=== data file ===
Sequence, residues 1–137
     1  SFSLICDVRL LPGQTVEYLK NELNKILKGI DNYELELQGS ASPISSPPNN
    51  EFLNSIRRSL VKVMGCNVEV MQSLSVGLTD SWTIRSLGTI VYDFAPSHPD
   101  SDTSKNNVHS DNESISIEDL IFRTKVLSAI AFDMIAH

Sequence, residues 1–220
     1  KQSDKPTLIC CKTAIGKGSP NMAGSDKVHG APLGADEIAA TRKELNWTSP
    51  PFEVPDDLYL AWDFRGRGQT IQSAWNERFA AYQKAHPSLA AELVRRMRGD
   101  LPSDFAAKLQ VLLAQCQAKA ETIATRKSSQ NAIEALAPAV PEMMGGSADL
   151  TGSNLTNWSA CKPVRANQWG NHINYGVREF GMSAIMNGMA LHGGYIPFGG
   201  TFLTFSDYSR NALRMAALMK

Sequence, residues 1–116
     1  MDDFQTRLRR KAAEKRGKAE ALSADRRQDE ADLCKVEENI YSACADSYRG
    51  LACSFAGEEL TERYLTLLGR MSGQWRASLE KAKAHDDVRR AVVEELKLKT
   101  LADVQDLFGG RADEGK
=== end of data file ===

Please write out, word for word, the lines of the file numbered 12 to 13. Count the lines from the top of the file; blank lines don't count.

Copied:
     1  MDDFQTRLRR KAAEKRGKAE ALSADRRQDE ADLCKVEENI YSACADSYRG
    51  LACSFAGEEL TERYLTLLGR MSGQWRASLE KAKAHDDVRR AVVEELKLKT